Sunday, October 19, 2014

you can't get the adrenaline pumpin' without the terror, good people

It’s like this... We live in claustrophobia, the land of steel & concrete. Trapped by dark waters. There is no escape. Nor do we want it. We’ve come to thrive on it and each other. You can’t get the adrenaline pumpin’ without the terror, good people... I love this town.

A few shots of New York City (and it’s stand-in locations in Vancouver, then cut to Crystal Lake. No campers in this movie, though. A couple high school graduates on a boat on the lake and then we leave the lake, and even leave New Jersey.

Jim tells Suzi about the murders around Crystal Lake, and ends amazingly... “And every now and then, the murders start up again.” Beat “Forget about it, Suzi. They’re just stories.” Proceeds to disappear, then shows up in a hockey mask (a conveniently scarred in the forehead mask, I would add—Jason’s injury from the end of The Final Chapter, not the break by the eye socket, though) and stabs her with a trick knife.

Jason shows up once they’re back in bed, dons the new mask—remember, Tina broke his old one in The New Blood—and kills ‘em both. He’s a bit cruel with Suzi, actually, bringing the spear down toward her slowly while she screams.

The Final Girl (and Guy) are introduced rather obviously—they each have character-building storylines going right away—his father (the ship’s captain) wants him to take up captaining, and she, for a so far unexplained reason wasn’t even supposed to be on this boat trip, and apparently she writes—teacher gave her a pen that supposedly belonged to Stephen King.

Introduce us to a few characters, let us know just enough about them to tell them apart but not enough to make us necessarily care when they die... which may contradict something I said the other day; I believe I said the point to having all the different types of teenage characters was as easy ins for the audience members, and I don’t think that’s wrong. I just think it’s secondary to making sure the series of murders is not monotonous. Karnick (2008) argues that Friday the 13th (the original), “changed the horror genre significantly by removing any chance of identification with or concern for the victims beyond the most basic humanitarian feelings.” I think this says more about Karnick than the general audience. “The victims are presented as generic American teens,” Karnick continues, “and beyond that we know nothing about them.” Thing is, the characterization we get on, say, Sean with his captain father is not any deeper than Tamara and her “biology project” or Wayne and his camera.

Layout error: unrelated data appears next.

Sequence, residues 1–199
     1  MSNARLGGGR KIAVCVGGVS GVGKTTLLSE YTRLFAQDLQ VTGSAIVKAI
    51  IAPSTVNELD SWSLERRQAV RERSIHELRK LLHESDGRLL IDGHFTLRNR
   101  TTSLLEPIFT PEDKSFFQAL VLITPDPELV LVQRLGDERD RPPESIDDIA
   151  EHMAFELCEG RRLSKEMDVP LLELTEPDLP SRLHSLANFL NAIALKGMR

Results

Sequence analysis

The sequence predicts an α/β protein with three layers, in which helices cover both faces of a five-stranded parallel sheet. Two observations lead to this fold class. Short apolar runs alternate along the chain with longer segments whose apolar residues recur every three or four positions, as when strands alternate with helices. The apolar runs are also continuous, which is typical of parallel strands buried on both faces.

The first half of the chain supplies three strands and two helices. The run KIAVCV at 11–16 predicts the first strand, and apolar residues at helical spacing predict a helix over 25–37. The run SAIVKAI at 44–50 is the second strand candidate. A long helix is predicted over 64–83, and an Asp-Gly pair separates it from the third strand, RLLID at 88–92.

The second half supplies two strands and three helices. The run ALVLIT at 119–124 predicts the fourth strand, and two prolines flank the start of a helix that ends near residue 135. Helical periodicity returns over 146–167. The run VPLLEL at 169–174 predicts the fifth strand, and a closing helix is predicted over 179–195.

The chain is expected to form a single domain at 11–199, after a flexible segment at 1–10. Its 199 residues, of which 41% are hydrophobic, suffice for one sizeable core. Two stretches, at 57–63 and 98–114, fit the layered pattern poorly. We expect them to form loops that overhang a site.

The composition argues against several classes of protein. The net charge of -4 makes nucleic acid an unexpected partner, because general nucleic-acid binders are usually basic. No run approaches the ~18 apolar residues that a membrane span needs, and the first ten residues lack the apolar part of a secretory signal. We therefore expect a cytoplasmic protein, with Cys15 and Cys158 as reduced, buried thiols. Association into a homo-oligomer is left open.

(Continuity nitpick: a) Jason’s back should be showing not only more flesh but some ribs—he did not have the opportunity to change clothes since Tina (and her dead father) sank him to the bottom of Crystal Lake in The New Blood. b) He also should not need to be picking up so many random things (a sauna rock, a piece of broken mirror, a harpoon, etc.) to kill people because he should still be wearing that toolbelt thing he had on in Jason Lives.

(Kill nitpick: Jason stabbed downward with that harpoon thingy, would have had to the guy’s leg or butt at best, but then on the ground, the guy has the harpoon angled upward into his back.)

“As the killings occur,” Karnick says, “the audience does not look upon the characters with sympathy or even assimilate their demises as the deaths of real human beings. On the contrary, the entire film is a stylized presentation of bloody but strangely unaffecting mayhem.” He’s talking about the original Friday the 13th, but the same is generally applied to each film in this series and all the other slasher series. My thing, though, is it is simplistic to assume we cannot both care about the victims in these films and cheer when they are killed. These two things may seem contradictory, but they just aren’t. Perhaps Karnick just has trouble caring about fictional characters (or other human beings) in general.

(Timeline nitpick: there is no way Rennie could have been in the lake with a child Jason. He drowned in 1958. Even if Jason Takes Manhattan took place in 1989 (the date of its release), which it does not, Jason still would have been a kid more than two decades ago, well before Rennie was even born.)

Karnick also writes about how the killings in a slasher film are

typically initiated by a grievous wrong against the killer or someone the killer cares about, usually done by ordinary people who didn’t know any better. The genre therefore conveys the impression of a world gone unaccountably violent, with vengeance often visited not upon those responsible for wrongdoing but instead upon innocents.

The bikers in Part II, the muggers cum rapists in this one—the Friday the 13th series certainly presents a world where violence can show up randomly (regardless of Jason or his mother, I mean). When Rennie and Sean run into that little diner, Rennie says they’re a maniac is trying to kill them. The waitress’ response: “Welcome to New York.”

(Ending nitpick: a) The leaving behind of the kid makes no sense, but Jason Goes to Hell skips right past the formality of resurrecting Jason to having him just already be alive again, so it doesn’t matter much. b) That being said, did Rennie and Sean just leave that kid in the sewer? That is just rude.)

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